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About

About

I have a degree in Environmental Engineering (UFP, 2001) and in Informatic Engineering (ISEP, 2007). In 2010 I received a PhD degree in Environmental Sciences (Univ. of Aveiro, 2010).

 

I have 15 years’ experience in conducting research and consultancy projects (e.g. Seamless Mobility, SmartDecision, CIVITAS-ELAN). During the last years I published more than 20 papers in peer-review journals, and 50 publications in national and international congresses. 

My research expertise is in Transportation and Environmental systems, with emphasis on the analysis and development of transport policies. I'm competent in the use of different methods of monitoring and modeling air quality and road traffic systems.

In recent years I have participated in several Action Costs as ARTS, TEA and TRANSITS. In 2016 I spent 6 months in Beijing to study the impacts of road traffic policies in the air quality of the city.

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001
Publications

2017

Trends of PM2.5 concentrations in China: A long term approach

Authors
Fontes, T; Li, PL; Barros, N; Zhao, PJ;

Publication
JOURNAL OF ENVIRONMENTAL MANAGEMENT

Abstract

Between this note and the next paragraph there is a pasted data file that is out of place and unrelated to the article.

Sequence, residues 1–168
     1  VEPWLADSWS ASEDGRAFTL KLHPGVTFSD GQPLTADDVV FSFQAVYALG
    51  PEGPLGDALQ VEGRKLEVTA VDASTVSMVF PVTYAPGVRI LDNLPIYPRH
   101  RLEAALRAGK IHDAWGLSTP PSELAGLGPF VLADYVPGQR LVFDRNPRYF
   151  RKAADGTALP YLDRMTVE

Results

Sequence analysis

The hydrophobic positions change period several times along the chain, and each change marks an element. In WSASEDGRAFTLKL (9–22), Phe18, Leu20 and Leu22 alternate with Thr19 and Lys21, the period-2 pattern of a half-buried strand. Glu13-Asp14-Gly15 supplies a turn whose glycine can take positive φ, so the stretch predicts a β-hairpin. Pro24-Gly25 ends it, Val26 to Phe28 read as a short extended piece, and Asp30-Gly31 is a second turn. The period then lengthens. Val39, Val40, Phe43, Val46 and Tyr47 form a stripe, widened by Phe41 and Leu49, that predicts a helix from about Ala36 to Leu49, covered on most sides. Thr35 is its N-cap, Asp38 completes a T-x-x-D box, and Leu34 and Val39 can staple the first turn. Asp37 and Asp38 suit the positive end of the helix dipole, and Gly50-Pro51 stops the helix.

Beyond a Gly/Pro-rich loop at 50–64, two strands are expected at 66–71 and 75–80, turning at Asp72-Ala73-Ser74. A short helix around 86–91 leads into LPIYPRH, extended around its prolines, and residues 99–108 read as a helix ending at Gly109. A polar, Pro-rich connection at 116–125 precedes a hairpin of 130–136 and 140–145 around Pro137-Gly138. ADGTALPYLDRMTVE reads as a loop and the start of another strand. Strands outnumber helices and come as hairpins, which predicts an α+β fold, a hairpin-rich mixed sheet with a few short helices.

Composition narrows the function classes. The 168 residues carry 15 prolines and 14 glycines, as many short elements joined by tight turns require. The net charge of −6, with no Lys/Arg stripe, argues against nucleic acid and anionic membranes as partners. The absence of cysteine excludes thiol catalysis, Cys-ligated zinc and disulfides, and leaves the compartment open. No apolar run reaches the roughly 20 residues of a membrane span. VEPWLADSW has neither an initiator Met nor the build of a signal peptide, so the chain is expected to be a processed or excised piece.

The fast economic growth of China along the last two decades has created a strong impact on the environment. The occurrence of heavy haze pollution days is the most visible effect. Although many researchers have studied such problem, a high number of spatio-temporal limitations in the recent studies were identified. From our best knowledge the long trends of PM2.5 concentrations were not fully investigated in China, in particular the year-to-year trends and the seasonal and daily cycles. Therefore, in this work the PM2.5 concentrations collected from automatic monitors from five urban sites located in megacities with different climatic zones in China were analysed: Beijing (40 degrees N), Chengdu (31 degrees N), Guangzhou (23 degrees N), Shanghai (31 degrees N) and Shenyang (43 degrees N). For an inter-comparison a meta-analysis was carried out. An evaluation conducted since 1999 demonstrates that PM2.5 concentrations have been reduced until 2008, period which match with the occurrence of the Olympic Games. However, a seasonal analysis highlight that such decrease occurs mostly during warmer seasons than cold seasons. During winter PM2.5 concentrations are typically 1.3 to 2.7 higher than in summer. The average daily cycle shows that the lowest and highest PM2.5 concentrations often occurs in the afternoon and evening hours respectively. Such daily variations are mostly driven by the daily variation of the boundary layer depth and emissions. Although the PM2.5 levels have showing signs of improvement, even during the warming season the values are still too high in comparison with the annual environmental standards of China (35 mu g m(-3)). Moreover, during cold seasons the north regions have values twice higher than this limit. Thus, to fulfil these standards the governmental mitigation measures need to be strongly reinforced in order to optimize the daily living energy consumption, primarily in the north regions of China and during the winter periods.